I was able to temporarily fix the zipper and got in my cab to the hostel. I had no idea how long the ride from the airport to city center was supposed to be and the roads to Santiago were absolutely silent. The taxi I had gotten into was an unmarked green Honda Civic and I was overly trusting at 2am in a strange city, but I was so exhausted and exasperated that I thought to myself, “If this cab driver takes me elsewhere and kidnaps me and this is the end, so be it.” He dropped me off right in front of the hostel and helped carry my wounded bags to the door.
Exhausted from the 21 hour journey, I lugged my suitcases up to the second floor of the hostel in anticipation of BEDTIME. I try to roll my broken suitcase under my bed, but for some reason it won’t fit. It’s bulkier than I remember it being. I try to push down on the top and notice it won’t budge. I unzip the front pocket and see two iPad boxes inside. I don’t remember having even one iPad! After lifting the boxes and realizing that they’re too light to contain iPads, my disappointment over my lack of a consolation prize for my broken luggage and possible missing items turns to fear that I’ve been involuntarily involved in drug trafficking! I slowly open the boxes, wincing at the thought of what I might find and see only 4 sets of Apple headphones and USB cords. Rolling in the riches, I go to bed, somehow even more in the dark on my first night in Santiago than I had been on the other side of the Equator.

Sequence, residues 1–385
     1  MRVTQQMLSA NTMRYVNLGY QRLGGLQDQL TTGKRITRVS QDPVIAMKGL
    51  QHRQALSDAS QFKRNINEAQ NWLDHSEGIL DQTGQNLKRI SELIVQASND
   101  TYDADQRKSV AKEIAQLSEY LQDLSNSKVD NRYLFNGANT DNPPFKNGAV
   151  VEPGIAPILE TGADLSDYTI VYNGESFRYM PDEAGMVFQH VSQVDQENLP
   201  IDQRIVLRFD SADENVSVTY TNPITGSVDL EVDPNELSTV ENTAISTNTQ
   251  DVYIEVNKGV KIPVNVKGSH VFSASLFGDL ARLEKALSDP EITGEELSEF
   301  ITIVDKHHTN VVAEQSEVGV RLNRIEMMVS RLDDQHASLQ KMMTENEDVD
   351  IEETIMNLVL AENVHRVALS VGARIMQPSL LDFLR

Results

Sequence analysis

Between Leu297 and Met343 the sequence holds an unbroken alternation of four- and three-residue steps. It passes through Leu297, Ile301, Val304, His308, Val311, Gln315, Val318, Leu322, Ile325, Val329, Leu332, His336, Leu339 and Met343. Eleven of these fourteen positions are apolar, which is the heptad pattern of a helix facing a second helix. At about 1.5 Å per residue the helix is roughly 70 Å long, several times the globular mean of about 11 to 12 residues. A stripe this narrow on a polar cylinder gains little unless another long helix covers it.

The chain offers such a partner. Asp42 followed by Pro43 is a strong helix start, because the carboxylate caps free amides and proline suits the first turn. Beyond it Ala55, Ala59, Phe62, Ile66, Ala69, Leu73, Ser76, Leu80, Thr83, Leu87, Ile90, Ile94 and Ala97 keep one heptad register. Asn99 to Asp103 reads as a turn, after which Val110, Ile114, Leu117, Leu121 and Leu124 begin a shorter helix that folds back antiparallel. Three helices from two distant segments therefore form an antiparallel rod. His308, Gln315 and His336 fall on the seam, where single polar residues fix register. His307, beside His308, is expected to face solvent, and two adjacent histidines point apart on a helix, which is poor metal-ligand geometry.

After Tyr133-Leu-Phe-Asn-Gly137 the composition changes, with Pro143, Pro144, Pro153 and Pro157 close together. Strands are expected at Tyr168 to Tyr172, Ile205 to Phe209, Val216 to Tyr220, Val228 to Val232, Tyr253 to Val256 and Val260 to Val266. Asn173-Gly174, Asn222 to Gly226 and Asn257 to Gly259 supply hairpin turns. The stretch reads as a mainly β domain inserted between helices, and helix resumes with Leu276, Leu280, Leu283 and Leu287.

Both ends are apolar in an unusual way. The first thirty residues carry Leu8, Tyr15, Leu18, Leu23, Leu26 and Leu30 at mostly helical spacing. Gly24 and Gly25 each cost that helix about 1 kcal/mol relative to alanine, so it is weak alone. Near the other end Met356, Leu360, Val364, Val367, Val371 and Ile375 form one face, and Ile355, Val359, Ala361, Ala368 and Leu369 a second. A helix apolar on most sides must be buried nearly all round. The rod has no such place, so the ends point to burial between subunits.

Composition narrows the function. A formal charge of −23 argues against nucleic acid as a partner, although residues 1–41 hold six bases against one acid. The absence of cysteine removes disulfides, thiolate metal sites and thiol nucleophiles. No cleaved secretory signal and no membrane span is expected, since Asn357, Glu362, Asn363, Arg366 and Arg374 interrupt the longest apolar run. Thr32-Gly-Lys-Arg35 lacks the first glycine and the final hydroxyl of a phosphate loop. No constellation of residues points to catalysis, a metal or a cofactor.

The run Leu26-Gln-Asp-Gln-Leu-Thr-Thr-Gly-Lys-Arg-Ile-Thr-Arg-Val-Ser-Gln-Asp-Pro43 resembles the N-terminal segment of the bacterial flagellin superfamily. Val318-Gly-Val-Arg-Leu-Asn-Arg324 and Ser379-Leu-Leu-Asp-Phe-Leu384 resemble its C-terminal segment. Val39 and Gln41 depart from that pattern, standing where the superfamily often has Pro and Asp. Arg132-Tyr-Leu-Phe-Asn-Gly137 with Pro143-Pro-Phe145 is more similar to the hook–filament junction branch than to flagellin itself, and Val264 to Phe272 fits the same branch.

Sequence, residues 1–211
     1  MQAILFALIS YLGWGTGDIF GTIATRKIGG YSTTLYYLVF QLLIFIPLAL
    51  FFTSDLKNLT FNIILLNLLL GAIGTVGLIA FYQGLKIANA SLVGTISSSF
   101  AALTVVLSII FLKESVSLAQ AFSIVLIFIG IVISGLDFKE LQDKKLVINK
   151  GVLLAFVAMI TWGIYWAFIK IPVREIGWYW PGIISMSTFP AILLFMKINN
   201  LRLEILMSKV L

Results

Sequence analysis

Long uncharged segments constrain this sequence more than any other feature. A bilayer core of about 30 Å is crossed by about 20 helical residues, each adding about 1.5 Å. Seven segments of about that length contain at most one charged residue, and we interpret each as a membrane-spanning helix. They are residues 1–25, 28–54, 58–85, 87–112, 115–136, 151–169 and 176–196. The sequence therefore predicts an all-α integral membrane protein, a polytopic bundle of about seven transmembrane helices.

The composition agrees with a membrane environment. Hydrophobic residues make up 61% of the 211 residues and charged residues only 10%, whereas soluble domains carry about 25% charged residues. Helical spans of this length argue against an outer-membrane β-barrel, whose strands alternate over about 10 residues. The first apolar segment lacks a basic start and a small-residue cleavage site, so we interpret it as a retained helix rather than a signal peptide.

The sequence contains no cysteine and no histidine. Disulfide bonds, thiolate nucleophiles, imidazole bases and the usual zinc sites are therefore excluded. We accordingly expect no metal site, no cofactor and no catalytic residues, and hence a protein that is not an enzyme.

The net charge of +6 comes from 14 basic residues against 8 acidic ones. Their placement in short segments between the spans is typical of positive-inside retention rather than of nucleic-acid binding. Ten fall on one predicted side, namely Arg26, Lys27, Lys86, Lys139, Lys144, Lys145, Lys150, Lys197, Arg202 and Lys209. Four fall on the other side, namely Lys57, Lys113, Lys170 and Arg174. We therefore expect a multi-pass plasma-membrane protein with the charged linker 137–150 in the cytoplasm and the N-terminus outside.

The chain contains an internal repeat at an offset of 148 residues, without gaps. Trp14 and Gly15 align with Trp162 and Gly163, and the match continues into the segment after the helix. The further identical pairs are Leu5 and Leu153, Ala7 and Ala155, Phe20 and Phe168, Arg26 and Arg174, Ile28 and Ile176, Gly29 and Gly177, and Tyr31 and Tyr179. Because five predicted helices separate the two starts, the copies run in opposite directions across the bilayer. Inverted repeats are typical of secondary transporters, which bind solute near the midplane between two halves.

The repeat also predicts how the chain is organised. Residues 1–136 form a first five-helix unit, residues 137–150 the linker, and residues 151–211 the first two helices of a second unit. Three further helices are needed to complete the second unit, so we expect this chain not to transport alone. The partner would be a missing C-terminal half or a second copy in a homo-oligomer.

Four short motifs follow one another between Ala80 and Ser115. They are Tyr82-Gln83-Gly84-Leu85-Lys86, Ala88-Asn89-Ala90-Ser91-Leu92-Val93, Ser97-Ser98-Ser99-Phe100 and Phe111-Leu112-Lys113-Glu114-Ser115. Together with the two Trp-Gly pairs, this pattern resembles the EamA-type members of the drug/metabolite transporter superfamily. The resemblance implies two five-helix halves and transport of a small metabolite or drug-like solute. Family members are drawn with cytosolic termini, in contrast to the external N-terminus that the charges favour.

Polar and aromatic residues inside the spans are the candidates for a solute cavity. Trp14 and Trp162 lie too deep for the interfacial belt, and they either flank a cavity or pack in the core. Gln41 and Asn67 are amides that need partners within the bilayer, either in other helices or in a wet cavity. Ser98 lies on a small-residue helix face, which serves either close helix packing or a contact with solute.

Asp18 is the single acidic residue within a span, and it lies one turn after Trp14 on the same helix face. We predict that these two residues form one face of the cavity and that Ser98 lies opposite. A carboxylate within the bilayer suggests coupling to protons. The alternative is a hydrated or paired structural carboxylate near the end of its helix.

*I have still not panicked, but I’m betting it will be day 1 of teaching.
**My snacks were nearly taken from me at customs as a violation of the ban on foreign animal and vegetable products. I kindly explained to the customs officer that there were neither animal nor vegetable nor anything else natural in my snacks and that they contained only preservatives, and I was allowed to keep them. A happy ending for all!
I like reading your blog. It’s very entertaining. Keep it coming!
Best to you in Chile.
Love, Uncle Joel
Elyssa this is wonderful – cant wait for the next installment.
Wow, very impressive start.
Try to stay out of the drug trafficking business. It looks poor on resumes and only seems to work for villains in movies.
Love it Elyssa!!
More, more, more!
The citizens demand it.